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Theresa May wins a key vote on Brexit bill, but it comes at a price

The legislation is to cover what will happen in a ‘no-deal’ scenario.

Prime Minister Theresa May makes a statement in the House of Commons yesterday.
Prime Minister Theresa May makes a statement in the House of Commons yesterday.
Image: PA Wire/PA Images

THE UK GOVERNMENT has won a crucial vote on its Brexit bill, which would have given parliament a veto on the final deal negotiated with Brussels.

The House of Commons has voted by 324 to 298 to overturn an amendment to the British government’s landmark EU Withdrawal Bill.

The amendment would have given parliament a veto over the final Brexit deal by removing Theresa May’s power to walk away from talks with Brussels, and send the bill back to be voted on by the House of Lords (who are unelected).

The Lords amendment would have given parliament the power to decide what happened next in the event of a ‘no-deal’, with the possibility of going back to the negotiating table or even staying in the bloc.

But in extraordinary scenes, ministers were forced to offer last-minute compromises to pro-European MPs before holding private talks in corners of the chamber as the debate raged on.

But to ensure she’d win the vote, May had to make minor concessions which could lead to Britain remaining tied to parts of the European Union after Brexit.

The government has agreed that the House of Commons will be able to direct Brexit negotiations if there’s no deal by 30 November this year. This could give MPs a veto on the final Brexit deal, or even force a second referendum.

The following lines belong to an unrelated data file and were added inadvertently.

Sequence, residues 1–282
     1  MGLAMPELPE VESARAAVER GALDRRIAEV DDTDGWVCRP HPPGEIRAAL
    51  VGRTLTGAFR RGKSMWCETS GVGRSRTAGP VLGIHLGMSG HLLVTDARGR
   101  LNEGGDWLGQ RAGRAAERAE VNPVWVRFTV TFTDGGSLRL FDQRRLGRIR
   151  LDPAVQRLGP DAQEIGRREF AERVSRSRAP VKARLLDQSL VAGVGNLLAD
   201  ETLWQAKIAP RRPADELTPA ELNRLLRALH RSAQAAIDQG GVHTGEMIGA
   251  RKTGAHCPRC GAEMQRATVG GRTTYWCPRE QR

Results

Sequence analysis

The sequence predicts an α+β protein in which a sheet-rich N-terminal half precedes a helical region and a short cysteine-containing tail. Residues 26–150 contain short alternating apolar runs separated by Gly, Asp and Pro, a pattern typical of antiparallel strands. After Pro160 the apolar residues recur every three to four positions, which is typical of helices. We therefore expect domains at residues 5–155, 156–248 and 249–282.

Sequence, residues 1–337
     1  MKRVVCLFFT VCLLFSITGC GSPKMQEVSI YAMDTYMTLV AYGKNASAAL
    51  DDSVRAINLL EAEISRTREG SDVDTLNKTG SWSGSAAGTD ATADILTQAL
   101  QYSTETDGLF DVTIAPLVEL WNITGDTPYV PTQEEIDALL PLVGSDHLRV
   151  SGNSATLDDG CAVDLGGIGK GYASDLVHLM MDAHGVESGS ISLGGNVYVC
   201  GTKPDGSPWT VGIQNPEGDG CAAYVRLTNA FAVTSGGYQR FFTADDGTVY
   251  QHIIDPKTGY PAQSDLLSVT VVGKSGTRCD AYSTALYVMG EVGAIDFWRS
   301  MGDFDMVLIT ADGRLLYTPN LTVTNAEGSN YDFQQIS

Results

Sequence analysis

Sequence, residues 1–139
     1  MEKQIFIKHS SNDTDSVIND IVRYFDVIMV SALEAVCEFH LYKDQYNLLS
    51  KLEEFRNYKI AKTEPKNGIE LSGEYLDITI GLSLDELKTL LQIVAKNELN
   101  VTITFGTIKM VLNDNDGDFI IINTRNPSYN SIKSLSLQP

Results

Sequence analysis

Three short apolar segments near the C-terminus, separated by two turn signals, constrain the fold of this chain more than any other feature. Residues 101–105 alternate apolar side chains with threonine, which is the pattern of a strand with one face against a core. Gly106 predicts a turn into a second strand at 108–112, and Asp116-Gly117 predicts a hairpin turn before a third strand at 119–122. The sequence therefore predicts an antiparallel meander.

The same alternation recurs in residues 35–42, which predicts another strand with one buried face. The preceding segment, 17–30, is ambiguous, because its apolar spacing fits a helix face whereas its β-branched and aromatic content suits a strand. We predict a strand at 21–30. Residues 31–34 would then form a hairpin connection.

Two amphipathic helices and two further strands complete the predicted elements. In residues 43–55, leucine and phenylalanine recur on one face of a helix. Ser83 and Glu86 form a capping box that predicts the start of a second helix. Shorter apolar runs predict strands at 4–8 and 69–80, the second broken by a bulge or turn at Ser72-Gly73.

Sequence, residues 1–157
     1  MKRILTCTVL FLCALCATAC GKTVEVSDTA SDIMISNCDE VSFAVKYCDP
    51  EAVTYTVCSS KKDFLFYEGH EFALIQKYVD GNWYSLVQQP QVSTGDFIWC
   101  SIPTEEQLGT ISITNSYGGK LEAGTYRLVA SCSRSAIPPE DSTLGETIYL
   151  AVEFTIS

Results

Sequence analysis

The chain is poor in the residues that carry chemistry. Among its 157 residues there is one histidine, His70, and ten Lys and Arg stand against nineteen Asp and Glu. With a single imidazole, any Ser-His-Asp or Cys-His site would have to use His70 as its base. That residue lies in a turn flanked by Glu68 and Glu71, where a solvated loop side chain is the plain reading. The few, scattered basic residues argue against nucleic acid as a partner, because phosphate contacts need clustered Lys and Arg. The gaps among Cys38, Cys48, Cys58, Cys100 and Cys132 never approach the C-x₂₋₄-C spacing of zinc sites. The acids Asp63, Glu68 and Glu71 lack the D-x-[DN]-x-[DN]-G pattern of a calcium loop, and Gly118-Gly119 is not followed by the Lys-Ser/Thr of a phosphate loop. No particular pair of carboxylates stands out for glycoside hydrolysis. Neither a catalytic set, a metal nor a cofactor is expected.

Earlier today, minister Phillip Lee, a close ally of Theresa May and prominent ‘Remainer’, resigned ahead of the Brexit vote. He reacted to the result of the vote this evening, saying:

Delighted that the Government has agreed to introduce an amendment to the EU Withdrawal Bill which will give Parliament the voice I always wanted it to have in the Brexit process. This justifies my decision to resign and makes it a lot less painful.
However, I can only vote on the amendment that is before Parliament. I resigned because I could not support the Government’s opposition to the Lords’ amendment and still cannot. But the Prime Minister has given her word. I trust her and so I will abstain.

Potential impact of Brexit on Ireland

The Irish government will be watching these developments closely, as it gives an indication of how Brexit will impact on businesses and workers here.

A number of reports have been commissioned to find out the potential impact Brexit would have on Ireland and how prepared businesses are.

One of those reports examined 15 sectors identified as being most exposed to the implications of Brexit such as the agrifood, chemical and pharmaceutical sectors.

It found that at the time the research was being undertaken (February to August 2017), only half of the sectors were actively taking action to mitigate the potential impacts of Brexit.

Another report recommended government interventions in relation to workers’ skills, particularly those involved in goods trade across international borders.

They range from recommendations on higher-level customs clearance training to raising awareness of opportunities in logistics, supply chain and transportation careers across all sectors.

- with reporting from AFP

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